6 Signs of a Great Filmmaker in the Making

The democratization of both the production and distribution process has opened the floodgates for independent filmmakers to see their dreams of producing a feature film become a reality.

Independent feature films such as Medicine for Melancholy and Ballast are just two examples of micro-budget features that have gone on to win numerous filmmaking awards. Ballast, for example, won awards for both Best Director and Best Cinematography at Sundance Film Festival in 2008.

With audiences, festivals, distributors and studios accepting the new indie film aesthetic, filmmakers are flooding the market with their films in the hopes that they too will be able to create a worthwhile film that will garner media attention and win awards.

Unfortunately, many of the independent feature films being produced today lack a certain technical and creative care that is required for a film to be successful in today’s increasingly competitive independent film market. When film was expensive to shoot, a great amount of planning and attention to detail was required. However, due to the fact that video technology is accessible and fast, the motto of “pay attention to detail” has deteriorated into “get it done… this weekend”.

Remember, if your audience thinks to themselves “I could have made this myself”, the chances of them watching your film are not great. Audiences may not be able to articulate exactly what it is about an indie film they don’t like, but they know it when they see it (or hear it).

In our online film program we ask our students to work their way through a series of technical modules that help them identify the technical and aesthetic problems of independent film. We then ask them to complete small video projects in the hopes that these projects will help them avoid these common mistakes in their future productions.

From the second our students enroll in our online film course they are writing scripts and creating short films with an acute awareness of the common mistakes that new filmmakers make.

In our screenwriting module for example, our students are asked to enroll in live online “lab Chats” where they learn about the rules of Western Dramatic Structure. They learn about character arc, story arc, protagonist development, catalysts, plot points, pivotal characters, scene pacing, denouements and all of the other structural elements that go into creating a story. There is a science to story telling and it’s important to study it. Essentially, if you’re going to break the rules, it’s important to know what the rules are first.

While these rules may seem overly technical, academic or clinical, I doubt there is a successful filmmaker today who doesn’t know how to use these rules in the development of their stories.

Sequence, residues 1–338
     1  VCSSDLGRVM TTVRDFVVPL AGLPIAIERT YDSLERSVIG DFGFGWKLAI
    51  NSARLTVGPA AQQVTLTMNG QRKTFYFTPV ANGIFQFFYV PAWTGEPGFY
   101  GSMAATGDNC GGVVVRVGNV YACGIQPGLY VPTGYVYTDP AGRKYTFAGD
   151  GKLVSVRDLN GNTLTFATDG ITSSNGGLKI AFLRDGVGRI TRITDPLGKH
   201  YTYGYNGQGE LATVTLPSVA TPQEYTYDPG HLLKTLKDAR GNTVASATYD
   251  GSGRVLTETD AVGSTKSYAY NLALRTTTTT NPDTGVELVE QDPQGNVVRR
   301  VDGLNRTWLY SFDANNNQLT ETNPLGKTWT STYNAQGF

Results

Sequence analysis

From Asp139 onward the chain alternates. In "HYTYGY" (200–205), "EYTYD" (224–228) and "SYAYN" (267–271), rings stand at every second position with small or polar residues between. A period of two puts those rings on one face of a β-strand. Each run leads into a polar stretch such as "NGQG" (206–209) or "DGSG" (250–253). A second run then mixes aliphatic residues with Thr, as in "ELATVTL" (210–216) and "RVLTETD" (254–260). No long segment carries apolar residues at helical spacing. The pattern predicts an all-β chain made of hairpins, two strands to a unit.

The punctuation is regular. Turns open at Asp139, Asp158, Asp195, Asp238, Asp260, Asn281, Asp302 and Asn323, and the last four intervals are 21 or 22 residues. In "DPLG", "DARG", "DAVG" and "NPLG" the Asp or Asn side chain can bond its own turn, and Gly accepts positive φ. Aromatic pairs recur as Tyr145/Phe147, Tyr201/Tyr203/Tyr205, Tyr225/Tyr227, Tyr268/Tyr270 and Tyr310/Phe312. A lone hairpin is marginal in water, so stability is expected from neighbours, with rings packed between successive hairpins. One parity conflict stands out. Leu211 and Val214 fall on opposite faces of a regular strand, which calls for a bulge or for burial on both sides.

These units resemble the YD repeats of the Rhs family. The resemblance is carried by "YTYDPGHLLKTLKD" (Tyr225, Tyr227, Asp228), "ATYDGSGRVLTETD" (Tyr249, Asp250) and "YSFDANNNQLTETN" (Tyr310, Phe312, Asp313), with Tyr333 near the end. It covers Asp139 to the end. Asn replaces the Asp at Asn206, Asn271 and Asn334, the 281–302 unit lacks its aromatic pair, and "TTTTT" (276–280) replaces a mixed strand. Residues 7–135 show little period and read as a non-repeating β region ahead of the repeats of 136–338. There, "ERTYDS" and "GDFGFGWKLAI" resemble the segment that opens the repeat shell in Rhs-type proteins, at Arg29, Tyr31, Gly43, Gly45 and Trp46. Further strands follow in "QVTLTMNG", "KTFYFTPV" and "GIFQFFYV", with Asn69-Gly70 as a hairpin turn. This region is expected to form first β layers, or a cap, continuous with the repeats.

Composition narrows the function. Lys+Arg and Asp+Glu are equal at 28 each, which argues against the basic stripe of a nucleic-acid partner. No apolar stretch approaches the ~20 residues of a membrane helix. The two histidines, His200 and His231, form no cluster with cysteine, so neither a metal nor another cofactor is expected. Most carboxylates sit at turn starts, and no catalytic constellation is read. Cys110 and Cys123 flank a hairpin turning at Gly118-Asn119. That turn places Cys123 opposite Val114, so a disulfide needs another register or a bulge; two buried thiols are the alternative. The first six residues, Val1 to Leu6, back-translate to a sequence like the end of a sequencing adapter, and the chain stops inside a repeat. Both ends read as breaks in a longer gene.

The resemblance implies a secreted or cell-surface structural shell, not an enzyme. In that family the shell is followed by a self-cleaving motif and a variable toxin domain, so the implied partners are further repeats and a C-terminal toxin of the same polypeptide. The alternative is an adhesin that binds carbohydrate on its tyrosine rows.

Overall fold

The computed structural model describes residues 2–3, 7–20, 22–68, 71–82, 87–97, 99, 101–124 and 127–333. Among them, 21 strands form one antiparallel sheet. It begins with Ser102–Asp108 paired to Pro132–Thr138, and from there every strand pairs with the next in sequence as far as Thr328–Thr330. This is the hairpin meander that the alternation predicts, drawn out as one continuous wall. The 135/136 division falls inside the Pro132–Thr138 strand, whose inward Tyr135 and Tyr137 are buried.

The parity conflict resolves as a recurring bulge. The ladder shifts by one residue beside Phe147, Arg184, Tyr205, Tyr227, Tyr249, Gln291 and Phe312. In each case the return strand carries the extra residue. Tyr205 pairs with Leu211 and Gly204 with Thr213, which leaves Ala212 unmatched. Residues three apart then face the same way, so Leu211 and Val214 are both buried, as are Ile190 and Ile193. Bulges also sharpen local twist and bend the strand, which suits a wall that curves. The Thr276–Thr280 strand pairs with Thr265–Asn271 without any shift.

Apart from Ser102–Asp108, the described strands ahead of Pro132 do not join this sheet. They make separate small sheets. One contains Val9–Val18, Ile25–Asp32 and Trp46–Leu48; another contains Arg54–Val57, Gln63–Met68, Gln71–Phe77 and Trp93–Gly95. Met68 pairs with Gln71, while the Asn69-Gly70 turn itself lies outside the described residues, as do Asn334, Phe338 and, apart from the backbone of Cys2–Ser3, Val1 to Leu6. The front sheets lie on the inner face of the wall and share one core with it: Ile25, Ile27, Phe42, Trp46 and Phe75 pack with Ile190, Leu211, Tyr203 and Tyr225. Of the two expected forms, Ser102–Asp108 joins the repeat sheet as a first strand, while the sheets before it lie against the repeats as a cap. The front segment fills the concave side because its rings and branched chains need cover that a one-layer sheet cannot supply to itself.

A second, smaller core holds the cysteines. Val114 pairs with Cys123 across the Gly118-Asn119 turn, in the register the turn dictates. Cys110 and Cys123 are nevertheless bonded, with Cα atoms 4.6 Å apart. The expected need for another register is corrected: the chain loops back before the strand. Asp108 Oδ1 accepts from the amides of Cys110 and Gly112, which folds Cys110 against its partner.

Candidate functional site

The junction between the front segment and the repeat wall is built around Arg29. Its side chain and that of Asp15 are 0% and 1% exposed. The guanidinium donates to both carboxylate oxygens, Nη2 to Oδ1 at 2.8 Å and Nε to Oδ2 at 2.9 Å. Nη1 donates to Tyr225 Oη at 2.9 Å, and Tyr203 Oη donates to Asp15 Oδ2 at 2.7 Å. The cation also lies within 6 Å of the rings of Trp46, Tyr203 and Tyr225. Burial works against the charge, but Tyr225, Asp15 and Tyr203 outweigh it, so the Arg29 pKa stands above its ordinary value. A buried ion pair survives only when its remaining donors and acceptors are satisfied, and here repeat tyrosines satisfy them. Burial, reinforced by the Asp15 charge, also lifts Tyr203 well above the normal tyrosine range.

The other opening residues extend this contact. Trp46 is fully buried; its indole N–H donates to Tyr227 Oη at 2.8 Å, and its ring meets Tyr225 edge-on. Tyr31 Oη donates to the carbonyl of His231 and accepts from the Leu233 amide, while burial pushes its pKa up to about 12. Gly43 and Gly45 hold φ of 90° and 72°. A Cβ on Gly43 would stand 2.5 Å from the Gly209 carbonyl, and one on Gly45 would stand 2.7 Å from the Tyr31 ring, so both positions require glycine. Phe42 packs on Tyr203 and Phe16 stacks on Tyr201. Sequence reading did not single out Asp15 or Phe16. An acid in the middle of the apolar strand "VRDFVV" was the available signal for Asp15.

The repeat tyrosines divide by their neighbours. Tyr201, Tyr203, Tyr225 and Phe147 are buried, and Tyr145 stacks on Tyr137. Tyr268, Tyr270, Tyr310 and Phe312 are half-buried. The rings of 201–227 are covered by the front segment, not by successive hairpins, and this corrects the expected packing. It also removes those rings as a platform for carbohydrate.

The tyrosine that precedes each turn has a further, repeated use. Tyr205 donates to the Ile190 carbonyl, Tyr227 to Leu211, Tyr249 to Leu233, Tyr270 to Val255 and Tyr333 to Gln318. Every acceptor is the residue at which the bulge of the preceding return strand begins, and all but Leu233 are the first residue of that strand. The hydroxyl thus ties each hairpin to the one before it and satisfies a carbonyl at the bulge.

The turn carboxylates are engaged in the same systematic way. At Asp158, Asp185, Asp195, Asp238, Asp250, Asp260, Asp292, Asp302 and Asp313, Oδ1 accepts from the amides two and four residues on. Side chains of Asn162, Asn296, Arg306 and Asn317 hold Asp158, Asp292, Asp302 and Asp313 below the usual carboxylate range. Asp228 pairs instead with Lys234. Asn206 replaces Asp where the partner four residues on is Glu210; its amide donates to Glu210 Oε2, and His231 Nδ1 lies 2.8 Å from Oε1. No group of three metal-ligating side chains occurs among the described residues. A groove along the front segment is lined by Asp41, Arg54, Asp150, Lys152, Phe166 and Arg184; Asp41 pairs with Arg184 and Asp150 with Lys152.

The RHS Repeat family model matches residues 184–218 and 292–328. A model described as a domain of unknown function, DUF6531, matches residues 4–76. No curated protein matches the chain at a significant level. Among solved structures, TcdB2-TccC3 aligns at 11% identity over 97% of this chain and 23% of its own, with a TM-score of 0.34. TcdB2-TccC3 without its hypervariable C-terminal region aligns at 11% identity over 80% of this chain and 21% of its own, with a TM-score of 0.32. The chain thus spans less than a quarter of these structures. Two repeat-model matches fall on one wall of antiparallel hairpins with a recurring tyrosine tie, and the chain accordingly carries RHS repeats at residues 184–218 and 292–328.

Message by:  Lights Film School

The same goes for cinematography. It’s simply not enough to know how to press the record button on your video camera. That is simply not enough skill to qualify yourself as a cinematographer or director. You need to know how staging, lighting, editing, movement and dramatic beats work together to punctuate a scene. Movement requires motivation and lighting helps you create a mood. There are right and wrong ways to approach these things. These are subjects that require technical study. To guess, or even worse, ignore these topics, is quite simply filmmaker suicide.

That is why it’s imperative that serious filmmakers take the time to educate themselves. Whether it’s through our online film course, other film schools, books, weekend crash courses, websites, professional mentors or workshops you need to have a strong theoretical and technical background before your films will be worth watching.

So what makes a great filmmaker? The answer to this question would require more time than this blog post would allow for, so let’s instead focus on 6 identifying points that allow us to gauge if a filmmaker is on the right track.

1. Understand Lighting
One of the biggest stylistic differences between a small budget and a big budget production is the use of lighting. Filmmakers need to study lighting to be able to help support the mood of their story. They will need to know how to light a set using either artificial or natural light. Independent films don’t require cube vans and huge lighting kits but that doesn’t mean that filmmakers can ignore lighting altogether. Sure you won’t be able to properly light an entire city block at night, but you should be able to light your protagonist’s bedroom. In order to do this properly you need to study lighting.

2. Understand Design
Another stylistic issue which turns a lot of audience’s off, is the lack of design in a film. All large budget productions will hire a production designer to conceptualize the look of a film. Essentially, a film’s designer is the film’s architect. They work with the director, stylists and set decorators to help design a color palette, incorporate texture and find outfits and props that fit into the overall design of a film.